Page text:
You've given very clear directions, and it's nice to see the awknowledgement that something should be done to protect the image from the acid in the framing materials -- but the acid free paper used is hardly going to do anything against the high acidity materials used here. A fully protected image should have a 100% acid free mat, tape and backing (both the backing paper and the backing board), plus a metal acid free tape lining along the frame interior to prevent the acid in the wood from seeping into the image. I know you didn't claim it would last forever, I'm just pointing it out so people are aware. (if you did want it to last forever, you'd have to add uv protective glass). I also think it's pertinant to mention that anyone with a work of value shouldn't use this method b/c there's glue used on the picture. Acid-free or not, the moment any adhesive touches an image (with the possible exception of archival quality linen tape, which is fully removable) you've decreased the image's value. You don't mention how much the materials cost -- but if it's anything over $130, you've paid more than you could have custom framed the image shown for -- with better materials and higher quality (I say that b/c personally, I'd have to buy a lot of the tools to complete the project as instructed).
My thought is if you really have something that needs to last forever or of value, you should have it professionally framed anyway. The acid free materials I used here are just to keep the picture looking nicer for longer. In this case, I still have the original digital version of the pictures so I can make another print should I need to. I'm also not selling these prints, just hanging them on my wall. I recommend professional framing if you plan on selling the works.<br/><br/>I'll update the introduction to reflect that this method for framing is primarily for works that are nice enough to hang, doesn't fit in an off the shelf frame and not necessarily nice or valuable enough to justify a professional framing. If your work does not meet these criteria you are better off going another route.<br/><br/>As for cost, here is a summary (I'll update the materials list later when I'm not as swamped and have time to research the costs, it has been a very long time) . <br/><br/><strong>Tools:</strong><br/>NOTE: I have made many frames (and plan on making many more) so the cost of the tools is amortize. I also had everything except the matt cutter already so for me the tool cost is negligible. The cost of the tools pay for themselves after making two to three frames (less if you already have a lot of the tools like I did).<br/><br/>In total I estimate the tools cost me around $80. <br/><br/><strong>Materials</strong><br/>Total cost for the materials is around $50 with the plexiglass being the largest overall cost. However, this $50 provided enough to make 2 frames.<br/><br/>If you are only planning on making one frame, it is more cost effective to have something professionally framed. If you plan on making 3 or more frames and the other criteria mentioned above have been met it is better to DIY.<br/><br/>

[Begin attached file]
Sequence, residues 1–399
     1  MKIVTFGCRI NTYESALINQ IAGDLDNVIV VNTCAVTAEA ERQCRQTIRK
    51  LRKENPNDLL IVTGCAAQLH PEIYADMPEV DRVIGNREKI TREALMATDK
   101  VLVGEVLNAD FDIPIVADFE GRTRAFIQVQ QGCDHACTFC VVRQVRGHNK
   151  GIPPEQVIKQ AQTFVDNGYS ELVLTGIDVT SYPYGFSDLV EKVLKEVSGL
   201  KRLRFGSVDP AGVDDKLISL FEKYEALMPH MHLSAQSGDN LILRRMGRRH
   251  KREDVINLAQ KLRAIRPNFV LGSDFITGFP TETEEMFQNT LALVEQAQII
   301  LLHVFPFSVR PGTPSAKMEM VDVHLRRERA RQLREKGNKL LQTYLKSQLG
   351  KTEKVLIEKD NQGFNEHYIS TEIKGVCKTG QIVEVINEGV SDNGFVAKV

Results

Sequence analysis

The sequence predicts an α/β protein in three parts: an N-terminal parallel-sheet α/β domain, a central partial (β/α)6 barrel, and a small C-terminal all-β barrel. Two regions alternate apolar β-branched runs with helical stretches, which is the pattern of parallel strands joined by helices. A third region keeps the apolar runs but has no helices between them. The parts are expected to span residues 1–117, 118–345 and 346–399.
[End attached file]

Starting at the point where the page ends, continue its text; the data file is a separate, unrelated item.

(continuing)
My daughter's 14, and draws and paints beautifully. I have had her drawings framed when I could, but it's very expensive. Your directions are very clear, and I'm going to attempt to do this. I'll keep you posted. Thanks so much!
i've been thinking about making my own frames for a while - now i don't have any excuse. thanks!
www.americanframe.com has awesome prices, gives the mounting board and cut mat board free for anything non-clearance. Save the trouble and get something that will actually function. Unless you buy the materials in bulk you can not do it cheaper at home unless you just want absolute crap for useless stuff you are framing like kids stuff. Walmart, JoAnnes and Michaels also regularly have complete frames for $5-$30 up to 24x36.